July 24, 2012 // 9:00am — 11:00am
This discussion "digs" into the coal-water choke point in China, looking at how the country's continued reliance on coal will impact future water supplies, and how China's power sector will survive a predictably parched future.
June 14, 2012 // 9:00am — 11:00am
China produces over one-quarter of the world’s garbage, piling up at least 250 million tons of household waste each year. As the trash continues to pile, debate surrounding waste management in China heats up.
Global Choke Point: Exploring the Water Energy Confrontations in China and the United States (In Seattle, WA)
May 10, 2012 // 9:30am — 11:30am
May 09, 2012 // 10:00am — 11:30am
This CEF event features leading experts from government, industry and academia to discuss the current state of US-China clean energy relations in the wake of recent trade investigations.
April 27, 2012 // 10:00am — 12:00pm
The future of Earth's environment will be decided in Asia, home to 60 percent of the world's population and some of the world's fastest-growing economies. Journalists play a key role in informing audiences about the future and current state of the environment and what can be done to protect it. Yet, in a time when environmental issues have never been more pressing, media coverage remains constrained. Thousands of journalists are working to correct the imbalance, making great efforts to cover the environment in the face of obstacles from governments, corporations, criminal elements, and even their own editors. Join us for a panel discussion with environmental journalism leaders Imelda Abano (Philippines), IGG Maha Adi (Indonesia); Joydeep Gupta (India); and Lican Liu (China); they will discuss their work as reporters and the actions they have taken to support environmental journalism in their countries and region.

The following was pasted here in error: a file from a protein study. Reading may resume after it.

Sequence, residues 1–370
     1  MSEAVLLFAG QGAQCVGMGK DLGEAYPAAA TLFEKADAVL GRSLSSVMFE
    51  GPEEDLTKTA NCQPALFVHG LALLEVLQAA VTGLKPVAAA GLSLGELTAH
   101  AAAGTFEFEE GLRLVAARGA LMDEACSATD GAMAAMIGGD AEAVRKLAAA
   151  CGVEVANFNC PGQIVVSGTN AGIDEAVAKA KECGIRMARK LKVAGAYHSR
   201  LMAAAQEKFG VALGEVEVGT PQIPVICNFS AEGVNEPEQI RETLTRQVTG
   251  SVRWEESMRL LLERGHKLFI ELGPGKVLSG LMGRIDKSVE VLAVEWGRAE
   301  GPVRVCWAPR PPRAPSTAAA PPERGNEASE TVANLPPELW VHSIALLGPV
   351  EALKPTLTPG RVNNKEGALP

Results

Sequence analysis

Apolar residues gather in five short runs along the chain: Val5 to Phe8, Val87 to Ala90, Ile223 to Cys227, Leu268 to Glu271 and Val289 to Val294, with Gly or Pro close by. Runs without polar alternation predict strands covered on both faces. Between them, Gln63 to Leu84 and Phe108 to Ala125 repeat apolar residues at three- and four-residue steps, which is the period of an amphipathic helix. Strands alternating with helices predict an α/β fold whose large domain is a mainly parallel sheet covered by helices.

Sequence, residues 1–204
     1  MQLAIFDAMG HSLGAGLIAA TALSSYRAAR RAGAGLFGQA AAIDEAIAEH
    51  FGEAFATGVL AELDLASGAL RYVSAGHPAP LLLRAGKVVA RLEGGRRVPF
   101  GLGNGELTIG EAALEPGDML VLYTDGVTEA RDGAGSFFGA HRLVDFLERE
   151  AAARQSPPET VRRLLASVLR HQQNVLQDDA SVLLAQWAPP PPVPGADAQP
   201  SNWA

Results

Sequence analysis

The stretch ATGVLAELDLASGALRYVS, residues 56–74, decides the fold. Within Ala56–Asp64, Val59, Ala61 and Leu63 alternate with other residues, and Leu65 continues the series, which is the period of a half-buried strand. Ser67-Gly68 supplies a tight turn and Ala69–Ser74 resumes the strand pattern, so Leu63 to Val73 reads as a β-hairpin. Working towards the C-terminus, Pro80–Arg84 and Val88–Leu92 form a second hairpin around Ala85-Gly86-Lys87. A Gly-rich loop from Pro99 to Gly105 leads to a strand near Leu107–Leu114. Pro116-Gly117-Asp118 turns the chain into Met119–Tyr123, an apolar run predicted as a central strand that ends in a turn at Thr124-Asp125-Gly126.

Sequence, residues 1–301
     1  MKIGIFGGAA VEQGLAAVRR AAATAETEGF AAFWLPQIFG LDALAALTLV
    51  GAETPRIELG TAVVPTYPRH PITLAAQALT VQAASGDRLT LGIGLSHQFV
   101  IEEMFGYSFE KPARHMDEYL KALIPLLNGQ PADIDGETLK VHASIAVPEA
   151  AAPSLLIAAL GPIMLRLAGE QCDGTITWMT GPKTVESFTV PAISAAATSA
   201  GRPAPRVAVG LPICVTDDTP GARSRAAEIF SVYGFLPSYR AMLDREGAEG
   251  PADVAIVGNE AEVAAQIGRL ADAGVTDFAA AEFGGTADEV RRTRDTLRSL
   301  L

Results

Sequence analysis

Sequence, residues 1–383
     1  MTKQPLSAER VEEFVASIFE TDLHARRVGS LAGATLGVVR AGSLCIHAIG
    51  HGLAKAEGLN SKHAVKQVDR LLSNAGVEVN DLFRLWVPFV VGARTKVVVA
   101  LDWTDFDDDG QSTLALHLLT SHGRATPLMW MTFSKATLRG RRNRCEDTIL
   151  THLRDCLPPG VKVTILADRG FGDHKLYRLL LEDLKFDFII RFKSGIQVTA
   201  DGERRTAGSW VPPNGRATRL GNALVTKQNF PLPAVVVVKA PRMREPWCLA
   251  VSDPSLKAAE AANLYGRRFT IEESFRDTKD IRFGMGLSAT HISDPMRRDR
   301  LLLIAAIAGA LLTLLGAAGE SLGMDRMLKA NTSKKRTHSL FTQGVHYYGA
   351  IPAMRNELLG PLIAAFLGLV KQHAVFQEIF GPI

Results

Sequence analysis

A Way Toward a Super Ministry? A Case Study of Environmental Protection Administrative System Reform in China - Co-Sponsored with the World Bank
March 27, 2012 // 12:30pm — 2:00pm
China has made significant progress in building an administrative system for environmental protection from nil over the past 40 years. The most recent reform of the government organization at the national level in 2008 was guided by the concept of establishing a system of “super-ministries” with comprehensive functions so as to trim the size of the government and improve efficiency. As part of this, the then-State Environmental Protection Administration (SEPA) was upgraded to the level of a full ministry with a cabinet position on the State Council, renamed the Ministry of Environmental Protection (MEP). But the nation still is confronted by serious and growing environmental problems that require further significant advances. Based on the results of a World Bank Technical Assistance, the presentation will examine the current situation and problems with the administrative system for environmental protection, review past government administrative reforms and international experience, and set out a series of recommendations for the future reform of the national-level administrative system for environmental protection in six main areas - roles and responsibility of government agencies, environmental laws, a national coordination and decision making body, MEP organizational structure, supervision of local governments, and capacity building.
March 21, 2012 // 12:00pm — 1:15pm